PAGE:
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Book Reviews   |    
Reviewed by Kelly Askins, M.D.
Psychiatric Services 2002; doi: 10.1176/appi.ps.53.12.1641-a
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by Max Birchwood and Chris Jackson; New York, Psychology Press, 2001, 168 pages, $24.95 softcover

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This short volume on schizophrenia is part of a clinical psychology series. The book has several shortcomings but, overall, is probably valuable to its intended audience. Because the book does not have a preface or an introduction, I had some difficulty deciding on its intended audience, given the proclamation on the back cover that the book is essential reading for everyone from undergraduates to professionals in fields from psychology to psychiatric nursing to psychiatry. I eventually decided that the book is probably intended for students in upper-level or undergraduate programs in psychology.

Topics covered in Schizophrenia include the experience of schizophrenia, epidemiology and course of illness, biological aspects, psychological aspects, drug treatments, and psychosocial interventions. The chapter on drug treatments is shorter than I would have liked, and I expected to see a more thorough discussion of neuropsychological findings. The most complete sections are those in the authors' areas of interest—cognitive-behavioral treatment and early intervention in schizophrenia.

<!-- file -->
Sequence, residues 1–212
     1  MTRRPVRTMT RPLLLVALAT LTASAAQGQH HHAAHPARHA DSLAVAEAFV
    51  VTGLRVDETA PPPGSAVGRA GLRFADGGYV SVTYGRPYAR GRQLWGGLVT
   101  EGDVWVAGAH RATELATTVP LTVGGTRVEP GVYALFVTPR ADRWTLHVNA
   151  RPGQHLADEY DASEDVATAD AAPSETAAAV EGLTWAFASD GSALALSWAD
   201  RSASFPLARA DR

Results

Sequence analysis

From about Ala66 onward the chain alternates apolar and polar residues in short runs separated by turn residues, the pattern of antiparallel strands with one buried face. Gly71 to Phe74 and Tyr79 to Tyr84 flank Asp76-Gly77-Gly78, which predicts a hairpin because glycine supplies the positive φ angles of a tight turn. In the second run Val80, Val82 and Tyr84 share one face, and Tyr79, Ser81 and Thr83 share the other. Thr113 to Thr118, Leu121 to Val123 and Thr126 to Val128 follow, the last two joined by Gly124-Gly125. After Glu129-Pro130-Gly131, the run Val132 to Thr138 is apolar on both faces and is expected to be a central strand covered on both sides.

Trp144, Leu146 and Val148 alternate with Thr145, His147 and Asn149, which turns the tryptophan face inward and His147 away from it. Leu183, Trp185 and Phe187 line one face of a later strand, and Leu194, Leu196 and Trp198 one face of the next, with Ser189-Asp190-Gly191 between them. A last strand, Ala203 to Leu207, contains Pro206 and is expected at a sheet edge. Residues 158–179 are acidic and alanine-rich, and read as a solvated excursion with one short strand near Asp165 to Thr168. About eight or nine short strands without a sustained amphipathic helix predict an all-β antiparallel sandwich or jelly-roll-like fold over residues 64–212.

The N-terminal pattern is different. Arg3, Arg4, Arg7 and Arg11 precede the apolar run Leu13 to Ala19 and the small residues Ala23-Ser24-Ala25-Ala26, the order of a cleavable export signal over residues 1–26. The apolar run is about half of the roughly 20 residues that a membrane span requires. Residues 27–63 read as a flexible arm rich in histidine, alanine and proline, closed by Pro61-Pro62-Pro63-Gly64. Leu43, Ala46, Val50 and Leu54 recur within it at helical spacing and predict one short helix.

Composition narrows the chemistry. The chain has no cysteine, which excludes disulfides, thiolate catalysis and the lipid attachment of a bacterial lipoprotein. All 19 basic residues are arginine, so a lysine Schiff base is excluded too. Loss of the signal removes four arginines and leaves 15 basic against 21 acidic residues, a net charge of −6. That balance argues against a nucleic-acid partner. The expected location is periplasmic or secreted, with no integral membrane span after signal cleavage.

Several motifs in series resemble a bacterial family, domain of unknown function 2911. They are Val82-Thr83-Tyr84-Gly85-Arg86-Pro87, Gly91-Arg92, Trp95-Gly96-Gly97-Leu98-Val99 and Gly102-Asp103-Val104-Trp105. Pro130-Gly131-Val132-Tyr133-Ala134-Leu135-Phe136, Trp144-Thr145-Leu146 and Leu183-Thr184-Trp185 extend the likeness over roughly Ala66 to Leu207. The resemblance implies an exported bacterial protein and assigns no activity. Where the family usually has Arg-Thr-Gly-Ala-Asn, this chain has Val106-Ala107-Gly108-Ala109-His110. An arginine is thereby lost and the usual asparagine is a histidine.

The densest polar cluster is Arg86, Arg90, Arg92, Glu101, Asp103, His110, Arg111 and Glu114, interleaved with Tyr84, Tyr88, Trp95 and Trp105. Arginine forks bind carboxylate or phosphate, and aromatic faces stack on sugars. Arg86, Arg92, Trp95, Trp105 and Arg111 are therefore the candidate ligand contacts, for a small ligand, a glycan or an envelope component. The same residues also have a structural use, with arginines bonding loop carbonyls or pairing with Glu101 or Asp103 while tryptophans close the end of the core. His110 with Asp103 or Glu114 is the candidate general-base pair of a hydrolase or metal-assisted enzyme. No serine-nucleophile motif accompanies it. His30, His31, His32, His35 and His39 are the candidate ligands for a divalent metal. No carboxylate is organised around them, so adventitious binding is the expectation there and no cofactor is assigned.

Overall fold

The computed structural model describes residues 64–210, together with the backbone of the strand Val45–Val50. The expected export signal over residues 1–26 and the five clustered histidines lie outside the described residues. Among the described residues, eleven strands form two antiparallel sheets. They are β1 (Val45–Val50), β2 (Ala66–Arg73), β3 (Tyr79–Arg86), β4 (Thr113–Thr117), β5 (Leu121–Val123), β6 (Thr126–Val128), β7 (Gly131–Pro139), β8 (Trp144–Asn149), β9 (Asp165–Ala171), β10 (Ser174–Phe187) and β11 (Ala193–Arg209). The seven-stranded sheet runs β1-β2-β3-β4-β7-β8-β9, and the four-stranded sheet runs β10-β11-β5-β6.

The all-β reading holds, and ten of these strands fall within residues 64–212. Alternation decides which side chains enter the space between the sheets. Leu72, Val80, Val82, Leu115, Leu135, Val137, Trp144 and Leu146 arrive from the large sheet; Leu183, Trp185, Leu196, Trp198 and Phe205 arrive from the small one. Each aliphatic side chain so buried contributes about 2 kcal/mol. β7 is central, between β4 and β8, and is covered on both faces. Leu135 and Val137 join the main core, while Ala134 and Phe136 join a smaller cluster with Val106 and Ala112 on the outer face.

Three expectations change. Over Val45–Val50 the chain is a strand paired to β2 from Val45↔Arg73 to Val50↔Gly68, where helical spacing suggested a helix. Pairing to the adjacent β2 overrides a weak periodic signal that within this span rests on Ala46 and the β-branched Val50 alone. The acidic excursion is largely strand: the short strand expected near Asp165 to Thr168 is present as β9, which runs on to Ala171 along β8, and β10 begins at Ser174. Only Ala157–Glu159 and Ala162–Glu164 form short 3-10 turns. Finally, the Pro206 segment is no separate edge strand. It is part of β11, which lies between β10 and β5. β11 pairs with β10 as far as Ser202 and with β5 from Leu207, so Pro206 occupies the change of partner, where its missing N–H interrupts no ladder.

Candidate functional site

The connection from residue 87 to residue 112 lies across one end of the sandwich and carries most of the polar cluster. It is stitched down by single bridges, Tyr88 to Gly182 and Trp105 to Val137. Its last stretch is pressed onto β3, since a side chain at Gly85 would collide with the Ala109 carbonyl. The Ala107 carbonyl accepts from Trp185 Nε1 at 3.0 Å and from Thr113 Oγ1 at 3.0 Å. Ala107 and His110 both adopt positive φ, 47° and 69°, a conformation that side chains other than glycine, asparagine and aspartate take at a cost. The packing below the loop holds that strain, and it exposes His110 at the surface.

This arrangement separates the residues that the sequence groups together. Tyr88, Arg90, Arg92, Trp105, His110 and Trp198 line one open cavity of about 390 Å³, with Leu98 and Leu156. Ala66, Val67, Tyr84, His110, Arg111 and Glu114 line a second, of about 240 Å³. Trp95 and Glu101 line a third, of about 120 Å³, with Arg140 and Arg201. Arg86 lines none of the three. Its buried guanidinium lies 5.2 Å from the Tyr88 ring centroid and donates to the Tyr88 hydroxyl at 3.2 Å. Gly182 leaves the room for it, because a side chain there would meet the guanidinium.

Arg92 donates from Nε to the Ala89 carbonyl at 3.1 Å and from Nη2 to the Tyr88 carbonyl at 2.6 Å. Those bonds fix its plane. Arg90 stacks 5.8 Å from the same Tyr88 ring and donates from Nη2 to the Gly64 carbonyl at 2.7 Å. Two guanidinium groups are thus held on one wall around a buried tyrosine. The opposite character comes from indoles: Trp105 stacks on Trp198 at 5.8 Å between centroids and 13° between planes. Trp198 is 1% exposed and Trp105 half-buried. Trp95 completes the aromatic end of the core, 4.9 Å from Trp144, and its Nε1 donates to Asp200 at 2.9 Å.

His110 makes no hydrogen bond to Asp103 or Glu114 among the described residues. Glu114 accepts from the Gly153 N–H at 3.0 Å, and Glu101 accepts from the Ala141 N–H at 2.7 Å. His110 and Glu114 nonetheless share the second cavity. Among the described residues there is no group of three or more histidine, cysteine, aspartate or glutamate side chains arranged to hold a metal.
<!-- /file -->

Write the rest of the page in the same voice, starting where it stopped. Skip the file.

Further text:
Birchwood and Jackson devote many pages to arguments that I consider to be of historical importance only, such as the question of whether schizophrenia exists at all, whether there is a biological basis for schizophrenia, and the history of the schizophrenogenic family. The exploration of these issues is important for students who need to know the methods for evaluating hypotheses, but the amount of space allotted to these topics makes the book uneven in its presentation.

Is this book of use to me now that I have it? Yes. I was reminded while reading this book that I have beliefs and hypotheses about schizophrenia, its course of illness, and its treatment that are sometimes based on clinical research and sometimes not. The book's ample references will be a good starting point for exploring the primary research firsthand. I will also find Schizophrenia useful in teaching residents in psychiatry about treatments for schizophrenia other than medications.

Dr. Askins is affiliated with Memphis Mental Health Institute.




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